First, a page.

In this book you can find the story of how beads suddenly were produced so much quicker, so much cheaper, and on a completely new scale. It is the story of a bead revolution from France.

The book starts off with a general description of trade beads and the production of glass beads in chapters 1 and 2. Chapter 3 shows how Prosser beads are made. In chapters 4 and 5 the focus is on the Bapterosses factory in Briare and the beads that were manufactured there, including the dumpsite of tiles, buttons and beads in Briare. Chapter 6 deals with the competition between different beadmakers in Europe. The final conclusion on the role of beadmaking in Briare in the worldwide trade and production of beads makes up the last chapter.

Beadmaking in Jablonec

There are several techniques for making glass beads. Generally, beads are either wound, blown, drawn of molded. On my trip to Jablonec I mostly looked into molded beads. They show a great variety in colours and shapes and are very attractive. The technique of molding beads is more than 200 years old, and has not changed that much since. In this post I will go into the basis technique.

It starts with large glass canes. These canes are made in the larger factories or workshops, and bought by the smaller pressing workshops. They cane be made from one solid colour, or have different colours for special effects. This picture shows some different left over pieces of cane. The full canes are generally about 4 feet long. They come in different widths.

There are two ways for molding the beads. One is manual molding, where the glass cane is heated and pushed into shape with big metal pliers or pinchers. Sometimes the pliers also pierce a hole into the bead, or this is done by a second person. In Jablonec I bought one of these old pliers that both shape and pierce a bead.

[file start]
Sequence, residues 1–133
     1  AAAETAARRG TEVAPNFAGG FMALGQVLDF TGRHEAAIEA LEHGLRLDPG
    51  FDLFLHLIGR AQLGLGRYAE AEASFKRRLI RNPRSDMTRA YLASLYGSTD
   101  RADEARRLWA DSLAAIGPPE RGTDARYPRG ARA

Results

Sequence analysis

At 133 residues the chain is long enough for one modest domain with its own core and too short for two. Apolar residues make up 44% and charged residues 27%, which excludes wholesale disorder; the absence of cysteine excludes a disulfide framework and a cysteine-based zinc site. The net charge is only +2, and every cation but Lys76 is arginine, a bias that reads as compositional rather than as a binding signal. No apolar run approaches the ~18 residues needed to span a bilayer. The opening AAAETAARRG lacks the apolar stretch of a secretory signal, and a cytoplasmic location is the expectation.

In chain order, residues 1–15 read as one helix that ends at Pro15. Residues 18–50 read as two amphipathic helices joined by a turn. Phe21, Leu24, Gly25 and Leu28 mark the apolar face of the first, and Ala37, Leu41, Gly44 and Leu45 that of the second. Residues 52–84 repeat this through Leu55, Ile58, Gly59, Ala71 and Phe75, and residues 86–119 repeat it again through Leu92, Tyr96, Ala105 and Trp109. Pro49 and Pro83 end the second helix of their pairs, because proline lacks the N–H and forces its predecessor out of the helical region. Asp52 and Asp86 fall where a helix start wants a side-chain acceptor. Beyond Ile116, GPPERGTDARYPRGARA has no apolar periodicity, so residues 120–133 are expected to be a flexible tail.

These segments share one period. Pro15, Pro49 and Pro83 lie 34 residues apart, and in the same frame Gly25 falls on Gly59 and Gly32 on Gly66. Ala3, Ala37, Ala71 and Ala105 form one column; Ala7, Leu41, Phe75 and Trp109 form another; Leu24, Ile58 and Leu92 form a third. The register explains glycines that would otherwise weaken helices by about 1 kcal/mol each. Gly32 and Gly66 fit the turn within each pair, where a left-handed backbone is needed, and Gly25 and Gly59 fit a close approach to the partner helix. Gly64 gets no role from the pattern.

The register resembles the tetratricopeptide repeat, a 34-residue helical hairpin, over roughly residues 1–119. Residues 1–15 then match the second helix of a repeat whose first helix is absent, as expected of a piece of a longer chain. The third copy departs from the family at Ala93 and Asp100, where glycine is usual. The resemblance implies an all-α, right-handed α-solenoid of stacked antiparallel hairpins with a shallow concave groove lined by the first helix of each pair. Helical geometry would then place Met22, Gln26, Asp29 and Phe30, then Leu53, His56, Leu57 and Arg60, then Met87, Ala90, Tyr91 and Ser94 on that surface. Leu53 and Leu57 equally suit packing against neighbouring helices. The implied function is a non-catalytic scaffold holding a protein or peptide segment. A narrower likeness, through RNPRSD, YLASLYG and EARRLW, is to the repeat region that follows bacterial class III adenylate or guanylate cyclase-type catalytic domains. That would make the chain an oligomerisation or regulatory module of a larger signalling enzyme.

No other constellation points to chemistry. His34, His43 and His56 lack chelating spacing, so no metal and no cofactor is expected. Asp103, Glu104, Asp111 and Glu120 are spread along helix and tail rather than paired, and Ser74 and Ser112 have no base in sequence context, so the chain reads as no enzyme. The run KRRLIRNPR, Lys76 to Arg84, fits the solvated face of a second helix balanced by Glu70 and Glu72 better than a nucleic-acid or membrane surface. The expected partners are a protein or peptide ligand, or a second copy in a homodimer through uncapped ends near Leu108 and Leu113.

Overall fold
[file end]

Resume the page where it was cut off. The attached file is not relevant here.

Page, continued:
The second and now more common type of making molded beads is mechanical, and much quicker. Several glass canes are heated in a furnace and used one after another in a machine for molding. The end of the glass canes gets very hot and malleable, and beads can be molded. After a few inches of one cane is used, it is put back in the furnace and the beadmaker coninues with another hot cane. I saw this fascinating process in a small workshop in Jablonec.

The next picture shows the molded beads, still attached to each other, coming out at the other end of the machine. Unfortunately, the picture is not very good. Also added is a picture of the molds used in a machine like this.

After this molding, the bead is far from finished yet. The flash on the seam has to be removed. This can be done with a simple piece of equipment of two round blades cutting off the glass.

After this, sometimes the seam is ground down further, and the bead is tumble-polished and/or fire-polished.

The result? Wonderfully diverse beads in all the shapes you can imagine.

Below are some examples of bead sample cards form the museum in Jablonec.